"Please don't do this," said the salesman at the bike rental place. "Take my car. You can have it for the weekend. I need it back by Tuesday, but it's yours."
When the man who gets commission based on how many bikes he rents out to tourists begs you to take his car free because the path you have chosen is too dangerous, the smart thing to do would be to listen to him.
I've never been very smart.
My friend Ben and I were backpacking Europe. We had stumbled across an article about Germany's Romantic Road. A trade route from the Middle Ages, it is 350 kilometers of highway that connects a number of tiny fortressed villages. Biking seemed the best (and cheapest) way to experience this paved swath of history. And 350 kilometers didn't seem that long. There are like, what, 10 or so kilometers in every mile? We'd be fine.
"Is there any way I can dissuade you from taking the bikes on this route?" the salesman asked. We shook our heads. "I don't even see how you can do it. There is no clear path. Tell me you're both experienced bikers." We nodded our heads.
Sure, I hadn't been on a bicycle in nearly a decade, since I had accidentally ridden into a highway, fallen and smashed my head on the curb. But doesn't the expression "like riding a bike" exist for a reason? It couldn't be that difficult to get back on the banana seat. The 50-pound backpack probably wouldn't help. But hey, who doesn't like a challenge?
"Here's my phone number," the bike salesman said. "Please call if anything goes wrong. I'll pick you up."
We threw out the phone number. What could possibly go wrong?
Before sunrise the following morning, we set off on our 350-kilometer bike ride. We expected that it would take us until about noon. We hadn't anticipated the hills. Or the poorly marked roads. Or, as it were, the actual distance.
About an hour into our trip, we were exhausted and hopelessly lost in a sleepy town of about 50 people. A service truck came up the road we were biking down the center of. Ben popped a wheelie and jumped the curb onto the sidewalk.
Looked easy enough. I went to follow suit. I sped up as fast as I could, and right before hitting the curb, I lifted my handlebars. Only they didn't budge. Rather than jump the curb, I slammed right into it, catapulting my body over the handlebars and slamming my head into a stone retaining wall.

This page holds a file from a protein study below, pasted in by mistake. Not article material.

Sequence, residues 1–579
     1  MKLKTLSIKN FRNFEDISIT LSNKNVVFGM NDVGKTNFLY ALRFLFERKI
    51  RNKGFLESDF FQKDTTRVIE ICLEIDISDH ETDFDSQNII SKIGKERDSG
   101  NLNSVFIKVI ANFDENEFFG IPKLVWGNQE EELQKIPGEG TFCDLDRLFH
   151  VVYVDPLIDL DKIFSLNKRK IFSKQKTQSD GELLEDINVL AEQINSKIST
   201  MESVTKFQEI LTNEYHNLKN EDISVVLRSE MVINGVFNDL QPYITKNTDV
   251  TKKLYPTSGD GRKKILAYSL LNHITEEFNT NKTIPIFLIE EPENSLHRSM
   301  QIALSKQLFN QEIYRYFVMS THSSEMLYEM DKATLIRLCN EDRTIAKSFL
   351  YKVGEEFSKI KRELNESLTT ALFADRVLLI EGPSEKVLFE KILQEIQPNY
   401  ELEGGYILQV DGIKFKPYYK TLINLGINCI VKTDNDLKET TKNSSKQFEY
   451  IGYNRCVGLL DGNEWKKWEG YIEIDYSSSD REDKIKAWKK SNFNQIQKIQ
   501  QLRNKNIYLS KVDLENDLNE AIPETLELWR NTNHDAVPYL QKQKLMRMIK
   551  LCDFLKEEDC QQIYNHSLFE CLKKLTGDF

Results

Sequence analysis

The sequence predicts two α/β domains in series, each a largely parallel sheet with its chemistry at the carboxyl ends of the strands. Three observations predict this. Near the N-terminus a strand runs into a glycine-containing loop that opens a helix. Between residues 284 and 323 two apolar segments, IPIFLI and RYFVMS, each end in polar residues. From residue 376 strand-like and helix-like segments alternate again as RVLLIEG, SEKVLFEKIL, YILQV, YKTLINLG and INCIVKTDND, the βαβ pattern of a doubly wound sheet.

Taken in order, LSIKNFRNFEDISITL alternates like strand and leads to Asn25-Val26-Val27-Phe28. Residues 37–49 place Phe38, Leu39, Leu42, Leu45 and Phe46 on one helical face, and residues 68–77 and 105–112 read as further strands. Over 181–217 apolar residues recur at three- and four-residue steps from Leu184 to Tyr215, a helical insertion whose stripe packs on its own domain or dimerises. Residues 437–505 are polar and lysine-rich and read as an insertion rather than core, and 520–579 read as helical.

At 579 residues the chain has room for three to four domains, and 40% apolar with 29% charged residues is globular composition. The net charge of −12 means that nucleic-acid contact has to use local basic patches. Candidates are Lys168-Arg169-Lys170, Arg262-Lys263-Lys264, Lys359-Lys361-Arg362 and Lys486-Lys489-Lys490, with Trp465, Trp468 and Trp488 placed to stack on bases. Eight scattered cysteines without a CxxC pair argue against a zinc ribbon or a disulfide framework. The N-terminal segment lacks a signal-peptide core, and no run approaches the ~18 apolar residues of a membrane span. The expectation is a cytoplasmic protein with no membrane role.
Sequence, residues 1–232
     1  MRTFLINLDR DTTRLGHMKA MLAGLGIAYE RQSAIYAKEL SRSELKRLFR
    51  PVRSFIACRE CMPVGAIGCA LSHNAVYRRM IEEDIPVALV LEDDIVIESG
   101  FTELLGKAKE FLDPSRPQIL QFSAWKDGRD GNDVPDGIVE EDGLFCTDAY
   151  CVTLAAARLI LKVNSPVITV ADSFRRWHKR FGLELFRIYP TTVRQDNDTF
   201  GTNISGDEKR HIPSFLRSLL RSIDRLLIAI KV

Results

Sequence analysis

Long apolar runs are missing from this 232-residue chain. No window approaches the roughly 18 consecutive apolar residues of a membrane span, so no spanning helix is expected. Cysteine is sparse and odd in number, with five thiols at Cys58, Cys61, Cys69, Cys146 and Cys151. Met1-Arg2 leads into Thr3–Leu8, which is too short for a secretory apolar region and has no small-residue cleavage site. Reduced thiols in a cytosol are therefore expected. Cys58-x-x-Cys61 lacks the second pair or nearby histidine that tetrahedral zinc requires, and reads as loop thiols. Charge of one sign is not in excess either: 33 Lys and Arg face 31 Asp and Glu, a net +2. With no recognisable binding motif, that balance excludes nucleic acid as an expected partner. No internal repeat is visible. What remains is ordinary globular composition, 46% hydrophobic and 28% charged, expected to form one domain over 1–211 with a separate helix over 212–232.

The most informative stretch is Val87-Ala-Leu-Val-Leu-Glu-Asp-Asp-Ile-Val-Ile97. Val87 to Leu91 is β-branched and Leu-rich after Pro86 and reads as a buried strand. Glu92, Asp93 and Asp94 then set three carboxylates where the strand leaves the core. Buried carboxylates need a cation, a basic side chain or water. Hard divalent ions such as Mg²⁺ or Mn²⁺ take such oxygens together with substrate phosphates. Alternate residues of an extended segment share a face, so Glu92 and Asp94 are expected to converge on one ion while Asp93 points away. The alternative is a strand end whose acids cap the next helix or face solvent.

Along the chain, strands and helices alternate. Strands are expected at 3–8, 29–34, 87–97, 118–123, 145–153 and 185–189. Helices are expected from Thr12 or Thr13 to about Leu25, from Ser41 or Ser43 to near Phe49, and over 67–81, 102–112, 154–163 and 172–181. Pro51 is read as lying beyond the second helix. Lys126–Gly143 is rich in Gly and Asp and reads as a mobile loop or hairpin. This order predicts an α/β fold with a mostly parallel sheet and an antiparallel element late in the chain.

I couldn't stand for a while. I was bleeding from my head. My hands. My shoulders. My knees. Eventually, Ben helped me stand and walk. He had seen a local woman hanging up clothes on a line and suggested we go ask her for help.
I moved like a zombie, hands stretched outward, feet shuffling. I moaned with each step. When we turned the corner, the German woman took one look at me, screamed and ran indoors.
Nothing makes a girl feel her finest quite like making someone run for her life.
Ben knocked on the door and somehow, despite the fact that the woman did not speak a word of English, persuaded her to let him and his zombie friend inside. She bandaged up my wounds and found a German-to-English translation book she had from the 1970s. She looked from me to Ben. "Married?" she asked.
"No, just friends."
"Good," she said. Then she made eye contact with Ben, pointed at me, rolled her eyes and laughed. "You. Marry."
"Someday," Ben said.
The woman nodded, pointed and laughed at me again and then left to get gauze.
When we returned the bikes, the salesman was aghast by the sight of me. "Why didn't you call?" he asked. Ben replied, "We had committed to the ride."
This weekend, Ben marries his love. And I have the highest of hopes that it will be a wonderful union. If the bike accident taught me anything about my friend, it's that he has a sense of adventure, a desire to defy the odds and the commitment to the ride needed for marriage. There will be bumps in the road for him and his bride, but Ben can effectively jump the curb. And best yet, if the zombie apocalypse ever does come to fruition, Ben will know how to persuade unsuspecting German women to invite the two of them inside.
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